2019  389  24  .239  .228    10   67  51/17/32  29   94  116  120   28%

Perez will be challenged to repeat last year's production:

  • Perez improved on his 2018 ct%, but still whiffs in a third of his ABs.
  • He remained a groundball hitter, which isn't ideal for someone with a Spd score in the 70s.
  • Perez did show improved HctX and his 11% barrel% per Statcast is almost double his level from previous seasons.
  • The HR total was a product of a big jump in hr/f, which has varied wildly in limited ABs during previous seasons.

Perez should get the bulk of the catching duties in Cleveland again this year and figures to near, or even exceed, last year's AB total. While 2018's low hr/f may be an outlier, Perez is a groundball hitter who will need to continue making hard contact to exceed 20 HRs again. He's a possible late-round power source at catcher, but expect some regression in hr/f.

 

Can Heaney finally deliver? ... After logging 30 starts in 2018, Andrew Heaney (RHP, LAA) suffered through another injury plagued season while posting an ERA near 5.00. Now 29, can Heaney finally make good on his prospect pedigree?

Year   IP   ERA  xERA  H%/S%  FB%  Ctl   Dom  Cmd  FpK  SwK   Vel  BPV  hr/9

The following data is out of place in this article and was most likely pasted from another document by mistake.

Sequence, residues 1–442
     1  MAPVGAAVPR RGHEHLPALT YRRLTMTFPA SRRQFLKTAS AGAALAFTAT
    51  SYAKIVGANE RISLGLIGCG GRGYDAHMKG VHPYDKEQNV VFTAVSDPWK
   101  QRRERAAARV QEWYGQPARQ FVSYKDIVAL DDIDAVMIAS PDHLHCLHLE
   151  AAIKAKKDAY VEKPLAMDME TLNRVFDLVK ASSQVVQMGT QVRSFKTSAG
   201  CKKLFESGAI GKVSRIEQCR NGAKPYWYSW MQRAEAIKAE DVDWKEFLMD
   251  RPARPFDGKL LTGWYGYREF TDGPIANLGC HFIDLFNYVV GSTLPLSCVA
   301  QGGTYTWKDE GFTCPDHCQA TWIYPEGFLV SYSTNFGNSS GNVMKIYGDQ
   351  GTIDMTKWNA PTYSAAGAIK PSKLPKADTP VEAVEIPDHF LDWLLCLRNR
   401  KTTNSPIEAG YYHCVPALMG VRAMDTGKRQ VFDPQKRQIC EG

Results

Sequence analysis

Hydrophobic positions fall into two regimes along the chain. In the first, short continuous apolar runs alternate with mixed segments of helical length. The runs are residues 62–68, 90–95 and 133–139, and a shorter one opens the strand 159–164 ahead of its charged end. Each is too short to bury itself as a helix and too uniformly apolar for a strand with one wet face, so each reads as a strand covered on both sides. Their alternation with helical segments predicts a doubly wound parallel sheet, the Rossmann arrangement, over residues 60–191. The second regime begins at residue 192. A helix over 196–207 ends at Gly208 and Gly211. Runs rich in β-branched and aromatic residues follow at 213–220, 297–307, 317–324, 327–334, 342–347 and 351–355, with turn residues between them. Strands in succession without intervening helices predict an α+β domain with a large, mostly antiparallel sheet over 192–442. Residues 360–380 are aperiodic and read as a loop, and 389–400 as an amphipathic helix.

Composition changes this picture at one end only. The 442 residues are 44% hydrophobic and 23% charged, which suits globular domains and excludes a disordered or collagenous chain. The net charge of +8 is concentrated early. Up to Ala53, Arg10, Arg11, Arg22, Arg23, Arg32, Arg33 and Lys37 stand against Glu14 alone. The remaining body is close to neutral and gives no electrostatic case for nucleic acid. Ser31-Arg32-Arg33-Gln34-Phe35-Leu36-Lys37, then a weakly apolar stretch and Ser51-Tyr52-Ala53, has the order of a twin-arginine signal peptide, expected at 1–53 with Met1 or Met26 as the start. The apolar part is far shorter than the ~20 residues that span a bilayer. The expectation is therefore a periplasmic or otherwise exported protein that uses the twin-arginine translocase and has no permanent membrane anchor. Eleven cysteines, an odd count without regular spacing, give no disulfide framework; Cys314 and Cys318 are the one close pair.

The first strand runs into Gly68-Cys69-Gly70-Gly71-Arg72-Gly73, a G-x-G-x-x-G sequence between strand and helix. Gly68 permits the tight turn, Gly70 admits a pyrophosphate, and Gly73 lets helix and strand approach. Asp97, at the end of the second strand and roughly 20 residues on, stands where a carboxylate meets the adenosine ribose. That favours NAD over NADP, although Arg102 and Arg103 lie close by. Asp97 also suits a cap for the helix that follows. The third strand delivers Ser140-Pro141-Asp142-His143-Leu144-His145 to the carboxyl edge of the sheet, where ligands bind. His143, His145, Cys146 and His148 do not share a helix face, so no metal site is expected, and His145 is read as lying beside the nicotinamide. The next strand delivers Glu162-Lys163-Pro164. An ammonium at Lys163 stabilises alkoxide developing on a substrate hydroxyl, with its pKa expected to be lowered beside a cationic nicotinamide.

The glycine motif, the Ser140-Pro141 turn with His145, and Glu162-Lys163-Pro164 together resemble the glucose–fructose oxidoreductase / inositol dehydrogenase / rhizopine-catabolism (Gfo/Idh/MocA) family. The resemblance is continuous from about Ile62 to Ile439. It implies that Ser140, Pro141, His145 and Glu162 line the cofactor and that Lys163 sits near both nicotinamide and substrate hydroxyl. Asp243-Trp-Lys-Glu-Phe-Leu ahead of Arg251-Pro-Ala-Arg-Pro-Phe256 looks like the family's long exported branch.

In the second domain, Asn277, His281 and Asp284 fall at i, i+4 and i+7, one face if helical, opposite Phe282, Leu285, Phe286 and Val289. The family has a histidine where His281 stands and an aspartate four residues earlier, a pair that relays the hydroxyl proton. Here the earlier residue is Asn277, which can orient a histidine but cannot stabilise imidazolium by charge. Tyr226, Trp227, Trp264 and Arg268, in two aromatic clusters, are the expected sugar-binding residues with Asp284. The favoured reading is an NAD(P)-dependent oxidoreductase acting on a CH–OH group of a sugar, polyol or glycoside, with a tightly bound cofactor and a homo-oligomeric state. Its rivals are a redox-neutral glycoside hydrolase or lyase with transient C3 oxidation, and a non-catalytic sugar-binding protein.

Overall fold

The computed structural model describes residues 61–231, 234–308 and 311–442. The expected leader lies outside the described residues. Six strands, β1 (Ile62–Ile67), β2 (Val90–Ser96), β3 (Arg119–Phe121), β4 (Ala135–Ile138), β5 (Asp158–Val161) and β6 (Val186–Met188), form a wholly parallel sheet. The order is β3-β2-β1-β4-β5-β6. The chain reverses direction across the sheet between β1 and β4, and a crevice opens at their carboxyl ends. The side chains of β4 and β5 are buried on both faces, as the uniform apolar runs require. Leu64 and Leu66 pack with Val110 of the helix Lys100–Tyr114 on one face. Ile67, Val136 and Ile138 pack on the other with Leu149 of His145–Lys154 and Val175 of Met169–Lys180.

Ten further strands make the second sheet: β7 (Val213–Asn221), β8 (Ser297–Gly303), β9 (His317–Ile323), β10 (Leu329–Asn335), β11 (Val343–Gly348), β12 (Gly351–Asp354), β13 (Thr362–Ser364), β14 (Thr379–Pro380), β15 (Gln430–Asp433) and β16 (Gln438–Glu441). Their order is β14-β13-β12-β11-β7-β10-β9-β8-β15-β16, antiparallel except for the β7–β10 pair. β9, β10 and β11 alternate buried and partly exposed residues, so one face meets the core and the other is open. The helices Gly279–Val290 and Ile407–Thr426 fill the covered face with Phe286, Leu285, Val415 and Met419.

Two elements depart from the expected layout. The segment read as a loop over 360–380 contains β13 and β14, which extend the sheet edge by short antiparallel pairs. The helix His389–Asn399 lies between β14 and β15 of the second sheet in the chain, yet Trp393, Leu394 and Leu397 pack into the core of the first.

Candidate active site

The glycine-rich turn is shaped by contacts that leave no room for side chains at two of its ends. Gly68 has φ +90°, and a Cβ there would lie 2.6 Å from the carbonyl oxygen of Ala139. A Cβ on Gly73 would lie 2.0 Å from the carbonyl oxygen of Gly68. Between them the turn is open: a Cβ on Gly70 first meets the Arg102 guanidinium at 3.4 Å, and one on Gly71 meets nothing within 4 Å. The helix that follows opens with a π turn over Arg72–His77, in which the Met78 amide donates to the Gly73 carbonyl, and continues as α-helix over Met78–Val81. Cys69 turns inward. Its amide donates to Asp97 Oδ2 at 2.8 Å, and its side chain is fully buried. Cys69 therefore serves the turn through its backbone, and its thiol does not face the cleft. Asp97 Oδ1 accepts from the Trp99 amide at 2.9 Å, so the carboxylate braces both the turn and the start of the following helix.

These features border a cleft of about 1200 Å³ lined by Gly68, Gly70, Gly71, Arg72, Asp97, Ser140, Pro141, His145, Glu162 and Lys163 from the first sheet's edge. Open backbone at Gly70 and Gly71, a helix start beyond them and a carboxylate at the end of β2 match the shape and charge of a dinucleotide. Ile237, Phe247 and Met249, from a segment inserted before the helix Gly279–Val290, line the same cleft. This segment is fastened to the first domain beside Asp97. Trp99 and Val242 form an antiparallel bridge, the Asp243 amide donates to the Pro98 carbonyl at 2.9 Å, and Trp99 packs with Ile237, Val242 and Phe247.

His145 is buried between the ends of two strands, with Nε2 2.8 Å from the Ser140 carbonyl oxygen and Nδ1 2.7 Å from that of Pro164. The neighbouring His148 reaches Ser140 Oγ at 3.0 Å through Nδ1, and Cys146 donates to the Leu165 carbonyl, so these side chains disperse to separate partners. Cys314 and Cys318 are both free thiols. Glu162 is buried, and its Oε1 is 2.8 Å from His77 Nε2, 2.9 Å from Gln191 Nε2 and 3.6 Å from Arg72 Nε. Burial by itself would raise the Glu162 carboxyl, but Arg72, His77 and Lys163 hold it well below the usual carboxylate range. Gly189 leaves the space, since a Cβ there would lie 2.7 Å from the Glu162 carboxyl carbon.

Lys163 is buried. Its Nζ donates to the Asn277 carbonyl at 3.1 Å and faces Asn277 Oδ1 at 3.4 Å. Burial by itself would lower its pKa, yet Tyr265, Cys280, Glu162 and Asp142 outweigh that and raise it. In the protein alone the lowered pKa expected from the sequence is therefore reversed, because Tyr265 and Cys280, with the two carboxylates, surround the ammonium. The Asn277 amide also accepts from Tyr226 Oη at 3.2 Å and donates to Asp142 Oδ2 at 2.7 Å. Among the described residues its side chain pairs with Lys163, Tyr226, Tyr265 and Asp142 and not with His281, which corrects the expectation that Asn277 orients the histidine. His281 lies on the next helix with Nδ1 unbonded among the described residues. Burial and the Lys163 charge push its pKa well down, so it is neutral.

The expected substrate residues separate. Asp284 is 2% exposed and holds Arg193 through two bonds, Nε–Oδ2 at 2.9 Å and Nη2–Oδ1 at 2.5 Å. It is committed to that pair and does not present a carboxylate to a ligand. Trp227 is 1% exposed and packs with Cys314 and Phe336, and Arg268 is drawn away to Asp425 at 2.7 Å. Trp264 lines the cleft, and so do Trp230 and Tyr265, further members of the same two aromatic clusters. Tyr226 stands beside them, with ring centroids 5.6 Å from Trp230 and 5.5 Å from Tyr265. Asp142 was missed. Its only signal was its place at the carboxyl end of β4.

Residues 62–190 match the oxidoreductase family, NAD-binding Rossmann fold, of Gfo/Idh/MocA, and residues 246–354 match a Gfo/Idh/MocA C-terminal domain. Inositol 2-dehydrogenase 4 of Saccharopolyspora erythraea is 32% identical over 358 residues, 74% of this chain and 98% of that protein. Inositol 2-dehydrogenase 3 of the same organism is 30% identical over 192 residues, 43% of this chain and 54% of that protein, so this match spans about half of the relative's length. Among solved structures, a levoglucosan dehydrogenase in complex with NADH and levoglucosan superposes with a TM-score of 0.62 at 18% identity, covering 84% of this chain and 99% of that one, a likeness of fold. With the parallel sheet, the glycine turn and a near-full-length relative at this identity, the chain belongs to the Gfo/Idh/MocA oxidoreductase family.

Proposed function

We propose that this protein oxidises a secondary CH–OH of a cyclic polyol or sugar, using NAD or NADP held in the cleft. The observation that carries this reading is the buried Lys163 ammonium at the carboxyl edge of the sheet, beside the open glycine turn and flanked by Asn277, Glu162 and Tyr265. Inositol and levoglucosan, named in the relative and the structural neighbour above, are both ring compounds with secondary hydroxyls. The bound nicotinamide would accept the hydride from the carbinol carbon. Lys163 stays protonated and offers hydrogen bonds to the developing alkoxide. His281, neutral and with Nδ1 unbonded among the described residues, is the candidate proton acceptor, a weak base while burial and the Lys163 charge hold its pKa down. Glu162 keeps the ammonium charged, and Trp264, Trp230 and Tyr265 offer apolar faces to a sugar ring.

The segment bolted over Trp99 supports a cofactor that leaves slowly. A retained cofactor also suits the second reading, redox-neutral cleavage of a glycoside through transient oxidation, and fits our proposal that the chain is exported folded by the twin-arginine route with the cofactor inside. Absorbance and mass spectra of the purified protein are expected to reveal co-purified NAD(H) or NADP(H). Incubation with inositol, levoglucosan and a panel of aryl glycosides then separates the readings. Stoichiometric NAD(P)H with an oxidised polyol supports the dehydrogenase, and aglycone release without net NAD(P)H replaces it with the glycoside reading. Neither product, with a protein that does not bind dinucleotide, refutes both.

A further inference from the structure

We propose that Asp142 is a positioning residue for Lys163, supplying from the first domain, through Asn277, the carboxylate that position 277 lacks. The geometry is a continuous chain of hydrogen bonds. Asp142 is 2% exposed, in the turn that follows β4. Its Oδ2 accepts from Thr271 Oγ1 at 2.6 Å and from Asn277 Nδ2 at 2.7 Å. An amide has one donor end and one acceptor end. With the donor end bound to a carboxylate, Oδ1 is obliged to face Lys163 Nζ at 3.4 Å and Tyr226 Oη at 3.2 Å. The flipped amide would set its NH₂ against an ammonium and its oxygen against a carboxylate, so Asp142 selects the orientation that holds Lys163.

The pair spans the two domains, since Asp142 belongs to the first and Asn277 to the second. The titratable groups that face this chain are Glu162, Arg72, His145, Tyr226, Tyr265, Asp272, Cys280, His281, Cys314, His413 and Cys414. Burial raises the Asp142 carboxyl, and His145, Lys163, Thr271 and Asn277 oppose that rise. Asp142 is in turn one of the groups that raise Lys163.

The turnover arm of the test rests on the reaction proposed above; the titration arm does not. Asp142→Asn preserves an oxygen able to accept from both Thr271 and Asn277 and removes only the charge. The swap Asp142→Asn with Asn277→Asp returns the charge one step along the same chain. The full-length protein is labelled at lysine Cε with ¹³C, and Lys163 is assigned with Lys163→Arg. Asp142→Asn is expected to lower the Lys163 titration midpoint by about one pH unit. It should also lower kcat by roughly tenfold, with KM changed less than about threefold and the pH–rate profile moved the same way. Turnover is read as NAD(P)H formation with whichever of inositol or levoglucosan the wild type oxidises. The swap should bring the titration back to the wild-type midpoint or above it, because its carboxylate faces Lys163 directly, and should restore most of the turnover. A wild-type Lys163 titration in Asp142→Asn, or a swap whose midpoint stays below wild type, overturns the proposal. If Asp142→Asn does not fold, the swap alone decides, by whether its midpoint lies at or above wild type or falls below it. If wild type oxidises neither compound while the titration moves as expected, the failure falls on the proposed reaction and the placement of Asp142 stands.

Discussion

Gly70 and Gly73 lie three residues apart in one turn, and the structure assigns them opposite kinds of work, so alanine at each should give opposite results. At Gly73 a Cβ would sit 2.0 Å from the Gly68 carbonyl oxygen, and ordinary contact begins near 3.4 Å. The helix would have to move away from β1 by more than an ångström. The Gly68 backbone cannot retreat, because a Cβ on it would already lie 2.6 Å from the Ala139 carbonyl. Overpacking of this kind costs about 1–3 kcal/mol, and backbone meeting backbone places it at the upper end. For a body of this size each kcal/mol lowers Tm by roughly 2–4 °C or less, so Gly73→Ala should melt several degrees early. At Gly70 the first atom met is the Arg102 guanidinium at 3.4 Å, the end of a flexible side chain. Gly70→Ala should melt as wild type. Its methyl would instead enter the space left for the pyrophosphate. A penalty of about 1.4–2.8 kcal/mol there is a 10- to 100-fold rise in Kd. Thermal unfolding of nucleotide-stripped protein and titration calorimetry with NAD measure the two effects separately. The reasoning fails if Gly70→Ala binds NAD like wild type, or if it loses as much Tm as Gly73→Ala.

====  ===  ====  ====  =====  ==   ===  ====  ===  ===  ===  ====  ===  ====
2016    6  6.00  3.21  34/60  39   0.0  10.5  0.0  60%  13%  90.8  211   3.0
2017   22  7.06  4.69  31/79  48   3.7  11.2  3.0  61%  14%  91.9  109   5.0
2018  180  4.15  3.75  31/70  35   2.3   9.0  4.0  65%  12%  92.0  120   1.4
2019   95  4.91  4.11  33/69  44   2.8  11.1  3.9  63%  15%  92.5  136   1.9
----------------------------------------------------------------------------
19-2H  59  4.60  3.83  36/72  38   2.3  11.4  4.9  63%  15%  92.5  155   1.7

For all the DL trips and struggles in September (7.66 ERA), there were flashes of promise:

  • Heaney bumped Dom back to the level we saw in 2017, and backed it up with SwK. And he did so while maintaining a good Cmd rate.
  • He continued to struggle with HR/9 thanks to more fly balls, but Heaney did a better job keeping the ball out of the air in the 2H (38%).
  • Despite ugly surface stats, Heaney's full season BPV (and especially 2H BPV) indicate solid underlying skills.

With a fortified up offense and new manager, the Angels are counting on the previously unreliable Heaney as a key cog in their rotation. While owners obviously shouldn't count on a full season of production from the left-hander, he does make for an interesting gamble later in drafts and with some health could deliver an ERA below 4.00 and good strikeout production.


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  For more information about the terms used in this article, see our Glossary Primer.